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I met my wife at my very first “real” job at the age of seventeen. We both worked at Burger King. We hated each other the first time we met. She was a manager, and I wasn’t, so she did everything she could to show me who was boss.
You know how it goes. Right? What started off as hate, slowly turned into love as we got to know each other, and worked with each other everyday. Six months after I met Tanya, we got married.
After getting married, we got our own place and had grown up bills to pay, this meant me getting a higher paying job. I got a job as a delivery driver for Pepsi. The job paid well, but over the next few years I upgraded to many different jobs that made even more money.
At the height of my career, I was making $60,000 a year. My wife was happy, our bills were paid, and we had good benefits. It was during this time that I told her I wanted to start my own business.
That conversation, and many conversations after that, didn’t involve a whole lot of talking; yelling would be the better word. She didn’t understand why I wanted to leave a perfectly good job for the uncertainty of entrepreneurship, and I didn’t understand why she couldn’t “see” how good this would be for our family.
It took some hard lessons to wake me up to some truths that ultimately got her on board with my vision. These days, it’s gone beyond supportive to her being an invaluable part of the business.
If you’re thinking about starting a business, think about these truths before you turn your business dreams into a marriage-ending nightmare.
Realize that starting a business isn’t for everyone and she might be right
Look, we want to soar free, and starting our own business is a good way to do that. I love being a business owner and the time freedom it provides. I recommend starting a business to those whom it is right for.
I hate to say it, but that person might not be you. If want to get your significant other on board, be honest with yourself first, and see if starting a business is right for you.
Ask yourself a few basic questions:
- Do you have a good idea what kind of business you want to start?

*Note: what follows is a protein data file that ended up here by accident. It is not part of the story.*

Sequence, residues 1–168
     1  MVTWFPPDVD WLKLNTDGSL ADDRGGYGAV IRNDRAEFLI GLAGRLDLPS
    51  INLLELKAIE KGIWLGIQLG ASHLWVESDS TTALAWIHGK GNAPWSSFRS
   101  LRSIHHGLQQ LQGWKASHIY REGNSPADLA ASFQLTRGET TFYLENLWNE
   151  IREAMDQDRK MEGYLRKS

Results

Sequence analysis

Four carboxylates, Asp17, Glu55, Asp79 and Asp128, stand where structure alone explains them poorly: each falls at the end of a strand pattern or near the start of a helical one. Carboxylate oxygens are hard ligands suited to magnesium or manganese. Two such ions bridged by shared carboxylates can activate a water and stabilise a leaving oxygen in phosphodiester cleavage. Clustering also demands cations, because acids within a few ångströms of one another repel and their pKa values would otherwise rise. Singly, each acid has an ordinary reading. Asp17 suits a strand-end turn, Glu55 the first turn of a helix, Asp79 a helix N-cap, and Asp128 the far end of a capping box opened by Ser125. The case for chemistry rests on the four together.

- Have you researched what it will take to start this business?
- Does your potential business have a profitable customer base?
- Is there ample opportunity to grow the business?
- Is this something you could see yourself doing for at least the next few years?
If you can answer these questions honestly, then it could be time to start sharing your vision and your why behind starting it. If you’re having trouble answering them, it might be time to take a good hard look at what’s right for you.
Communicate with her
This isn’t just a good lesson for starting a business; it’s a good lesson if you want to have a long, and successful relationship. You have talk to her, not at her! You may have a dream, and an opportunity let her see that dream through your eyes.
The day my wife got on was board was the day that I sat her down, and showed her why I wanted to do this. I showed her the potential, I showed her the plan, and she understood.
From that moment on, this was something we dreamed together, and having her support is what made the business successful. Talk to her, help her see, and more importantly, listen to her concerns. This advice applies to men or women.
Show her that you’re prepared for the rough times
One of the biggest makes I made when I started my business was not having an emergency fund. My wife warned me, but I was a young hot-head!
We hope everything works out, but sometimes it doesn’t, and the smartest thing you can do is be prepared. When you talk about your plans for your business show her that you have something set aside for emergencies.
That number varies depending on who you ask, but have something set-aside just in case. When you do, she’ll feel secure knowing you can handle anything that comes up.
Include her in the business
I know we like to be lone rangers at times, but there’s real value in going down this road with someone else, especially your wife. As much as possible, include her in the business, make her see that this isn’t just your thing, it’s your family’s.
When I told my wife the plan, she was OK. When I started including her in the business, she went beyond OK to feeling invested, and special. There’s a great weight that can be lifted off your shoulders if you can delegate in your business, and your wife is a great person to help out.
Having her help will free your hands up to do activates that will grow your business. If your business is going to grow, you can’t just be IN the business.
It was a rough few years starting my business. There were many lessons I learned that seemed marriage-ending at the time, but ultimately helped us learn how to communicate.
The first years of marriage are hard enough without having the stress of starting a business. Learn the lessons I wish I knew, and your business and marriage will be just fine.
How were your first few years of marriage? How were your first few years of business?
This article originally appeared on The Good Men Project.